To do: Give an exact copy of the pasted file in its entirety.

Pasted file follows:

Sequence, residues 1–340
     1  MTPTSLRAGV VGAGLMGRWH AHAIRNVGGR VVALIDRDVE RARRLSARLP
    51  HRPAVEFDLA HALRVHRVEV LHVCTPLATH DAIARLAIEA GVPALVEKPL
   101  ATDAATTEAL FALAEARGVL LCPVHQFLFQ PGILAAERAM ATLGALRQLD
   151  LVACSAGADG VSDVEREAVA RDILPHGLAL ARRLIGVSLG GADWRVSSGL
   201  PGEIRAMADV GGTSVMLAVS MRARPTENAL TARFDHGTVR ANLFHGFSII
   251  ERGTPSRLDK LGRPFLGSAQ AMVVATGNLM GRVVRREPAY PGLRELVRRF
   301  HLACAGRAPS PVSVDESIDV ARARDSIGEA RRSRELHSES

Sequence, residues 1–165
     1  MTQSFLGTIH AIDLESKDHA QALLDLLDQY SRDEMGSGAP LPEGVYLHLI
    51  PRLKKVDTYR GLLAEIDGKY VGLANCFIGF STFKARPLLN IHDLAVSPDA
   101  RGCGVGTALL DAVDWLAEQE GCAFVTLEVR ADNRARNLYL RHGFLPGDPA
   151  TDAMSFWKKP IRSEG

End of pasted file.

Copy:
Sequence, residues 1–340
     1  MTPTSLRAGV VGAGLMGRWH AHAIRNVGGR VVALIDRDVE RARRLSARLP
    51  HRPAVEFDLA HALRVHRVEV LHVCTPLATH DAIARLAIEA GVPALVEKPL
   101  ATDAATTEAL FALAEARGVL LCPVHQFLFQ PGILAAERAM ATLGALRQLD
   151  LVACSAGADG VSDVEREAVA RDILPHGLAL ARRLIGVSLG GADWRVSSGL
   201  PGEIRAMADV GGTSVMLAVS MRARPTENAL TARFDHGTVR ANLFHGFSII
   251  ERGTPSRLDK LGRPFLGSAQ AMVVATGNLM GRVVRREPAY PGLRELVRRF
   301  HLACAGRAPS PVSVDESIDV ARARDSIGEA RRSRELHSES

Sequence, residues 1–165
     1  MTQSFLGTIH AIDLESKDHA QALLDLLDQY SRDEMGSGAP LPEGVYLHLI
    51  PRLKKVDTYR GLLAEIDGKY VGLANCFIGF STFKARPLLN IHDLAVSPDA
   101  RGCGVGTALL DAVDWLAEQE GCAFVTLEVR ADNRARNLYL RHGFLPGDPA
   151  TDAMSFWKKP IRSEG